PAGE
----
In remanding a case back to the Patent Trial and Appeal Board (PTAB), the US Court of Appeals for the Federal Circuit explained that it was procedurally improper for the PTAB to find claims obvious during inter partes review (IPR) where the patent owner was not provided notice of a prior art reference that was used as a basis for invalidity. EmeraChem Holdings, LLC v. Volkswagen Group of America, Inc., Case No. 16-1984 (Fed. Cir., June 15, 2017) (Moore, J).

In 2014, Volkswagen petitioned for IPR of certain claims of EmeraChem’s patent related to methods for regenerating a catalyst after extended exposure to pollutants in the combustion gases of engines. The patent named a first inventor (Campbell) and incorporated by reference a prior patent (Campbell I) listing Campbell along with additional co-inventors. Volkswagen argued that the challenged claims were invalid over the combination of Campbell I and one or more of three secondary references (one of which was Stiles). EmeraChem submitted a declaration from Campbell that Campbell I could not count as prior art under § 102(e) because he invented the material from Campbell I that Volkswagen relied on to invalidate the challenged claims.

Volkswagen also included a claim chart specifically identifying the grounds for each challenged claim, but failed to identify Stiles for three of the challenged claims. On institution, the PTAB listed the challenged claims for which the petition was granted and the specific grounds for each, but did not list Stiles in connection with the three claims.

In its final decision, the PTAB invalidated all challenged claims, relying on Campbell I for all claims and on Stiles for the three claims not cited by the PTAB in its institution decision. It rejected Campbell’s declaration as uncorroborated and found that Campbell I qualified as § 102(e) prior art. EmeraChem appealed, challenging the PTAB’s reliance on Campbell I and arguing insufficient notice with respect to Stiles for the three challenged claims.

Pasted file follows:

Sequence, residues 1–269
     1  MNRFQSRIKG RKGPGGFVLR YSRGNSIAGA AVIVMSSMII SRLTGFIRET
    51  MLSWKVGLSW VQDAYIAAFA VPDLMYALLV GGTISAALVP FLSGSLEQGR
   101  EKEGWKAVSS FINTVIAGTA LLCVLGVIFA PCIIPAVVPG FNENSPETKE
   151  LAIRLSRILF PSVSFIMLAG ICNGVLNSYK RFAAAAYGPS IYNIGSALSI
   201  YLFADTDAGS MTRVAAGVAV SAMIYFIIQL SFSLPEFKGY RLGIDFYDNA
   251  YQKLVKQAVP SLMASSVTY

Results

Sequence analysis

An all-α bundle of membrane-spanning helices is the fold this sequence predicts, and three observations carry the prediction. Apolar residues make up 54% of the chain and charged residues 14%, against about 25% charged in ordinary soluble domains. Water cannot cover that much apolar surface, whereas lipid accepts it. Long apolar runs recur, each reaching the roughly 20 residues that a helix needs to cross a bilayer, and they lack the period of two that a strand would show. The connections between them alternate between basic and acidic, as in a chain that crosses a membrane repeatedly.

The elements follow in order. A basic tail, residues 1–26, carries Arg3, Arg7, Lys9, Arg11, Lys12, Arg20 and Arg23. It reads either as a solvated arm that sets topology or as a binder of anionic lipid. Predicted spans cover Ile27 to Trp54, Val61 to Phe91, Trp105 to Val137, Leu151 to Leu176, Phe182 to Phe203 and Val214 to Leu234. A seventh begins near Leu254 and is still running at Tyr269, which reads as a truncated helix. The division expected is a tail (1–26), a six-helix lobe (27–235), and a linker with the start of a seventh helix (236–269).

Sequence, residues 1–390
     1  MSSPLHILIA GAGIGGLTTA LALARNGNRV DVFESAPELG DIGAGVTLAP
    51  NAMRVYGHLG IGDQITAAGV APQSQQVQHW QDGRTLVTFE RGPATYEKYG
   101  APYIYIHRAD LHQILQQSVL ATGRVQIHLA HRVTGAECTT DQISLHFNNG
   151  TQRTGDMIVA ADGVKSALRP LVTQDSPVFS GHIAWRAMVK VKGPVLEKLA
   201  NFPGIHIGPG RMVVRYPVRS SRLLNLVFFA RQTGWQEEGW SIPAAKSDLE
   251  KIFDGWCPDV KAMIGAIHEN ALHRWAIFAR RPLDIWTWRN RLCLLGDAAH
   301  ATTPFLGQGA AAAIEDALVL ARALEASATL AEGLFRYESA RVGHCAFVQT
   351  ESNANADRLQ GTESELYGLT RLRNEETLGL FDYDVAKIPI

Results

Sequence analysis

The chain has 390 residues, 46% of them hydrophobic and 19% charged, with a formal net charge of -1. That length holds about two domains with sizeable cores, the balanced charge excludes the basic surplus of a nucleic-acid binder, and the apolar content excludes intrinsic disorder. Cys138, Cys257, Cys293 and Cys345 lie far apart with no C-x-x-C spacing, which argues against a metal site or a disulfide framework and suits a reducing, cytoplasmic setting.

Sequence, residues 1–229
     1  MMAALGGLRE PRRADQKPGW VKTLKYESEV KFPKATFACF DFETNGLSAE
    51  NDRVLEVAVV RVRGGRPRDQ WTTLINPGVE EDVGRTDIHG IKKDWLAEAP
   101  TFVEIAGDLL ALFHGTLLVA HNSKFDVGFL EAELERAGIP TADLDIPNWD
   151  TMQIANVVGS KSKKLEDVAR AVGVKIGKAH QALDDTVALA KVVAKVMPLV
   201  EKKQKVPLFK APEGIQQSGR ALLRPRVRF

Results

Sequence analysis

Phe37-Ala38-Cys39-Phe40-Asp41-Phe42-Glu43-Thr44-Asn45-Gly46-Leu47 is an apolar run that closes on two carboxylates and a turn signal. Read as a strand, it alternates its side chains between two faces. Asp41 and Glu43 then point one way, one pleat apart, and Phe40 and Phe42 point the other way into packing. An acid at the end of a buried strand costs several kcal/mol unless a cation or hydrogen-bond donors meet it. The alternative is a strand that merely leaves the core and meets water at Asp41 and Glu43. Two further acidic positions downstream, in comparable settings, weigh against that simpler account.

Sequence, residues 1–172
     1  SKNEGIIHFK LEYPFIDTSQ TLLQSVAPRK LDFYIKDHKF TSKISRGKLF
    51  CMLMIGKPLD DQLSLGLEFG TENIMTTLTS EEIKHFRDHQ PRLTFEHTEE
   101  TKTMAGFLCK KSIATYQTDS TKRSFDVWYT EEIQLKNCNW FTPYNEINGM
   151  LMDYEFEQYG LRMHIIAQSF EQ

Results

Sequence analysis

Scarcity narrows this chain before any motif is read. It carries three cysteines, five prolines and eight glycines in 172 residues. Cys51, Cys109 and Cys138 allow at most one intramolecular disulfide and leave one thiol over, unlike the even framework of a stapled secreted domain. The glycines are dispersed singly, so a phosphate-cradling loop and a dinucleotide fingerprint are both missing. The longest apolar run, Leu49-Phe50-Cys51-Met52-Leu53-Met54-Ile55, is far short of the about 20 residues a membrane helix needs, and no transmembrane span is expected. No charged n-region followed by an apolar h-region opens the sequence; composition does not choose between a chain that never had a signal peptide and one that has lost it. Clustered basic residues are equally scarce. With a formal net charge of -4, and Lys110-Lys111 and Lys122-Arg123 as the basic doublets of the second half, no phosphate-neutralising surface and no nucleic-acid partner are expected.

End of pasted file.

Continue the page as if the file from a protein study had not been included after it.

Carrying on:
Addressing the prior art status of Campbell I, the Federal Circuit acknowledged that a reference cannot qualify as § 102(e) prior art if the portions of the reference relied upon and the subject matter of the claims represent the work of the same inventive entity, but agreed with the PTAB that Campbell’s declaration by itself was insufficient to demonstrate that the disclosure was not by another. The Court noted that while corroboration is not “required in every case,” in this case relying on the declaration alone “entails relying on an assertion by an inventor with an interest at stake” regarding portions of a patent issued years earlier that the disclosure relied on was not “by another.” Absent any corroboration of Campbell’s declaration, the Court affirmed that Campbell I qualified as prior art.

The Federal Circuit remanded the obviousness determinations of the three claims back to the PTAB for further clarification, however, as EmeraChem was not given sufficient notice that Stiles would be used as prior art to invalidate those claims. The Court found that general summaries included in the petition and institution decision stating that the challenged claims were invalid in view of Campbell I and Stiles were insufficient because the petition and institution decision also included specific grounds for each claim. These specific grounds failed to identify Stiles in connection with three challenged claims, so EmeraChem was not properly on notice. The Court also noted that “neither party ever mentioned Stiles in the context of discussing [the three] claims [during the later briefing], [which] helps make the point that neither party was on notice that Stiles was at issue as to those challenged claims.”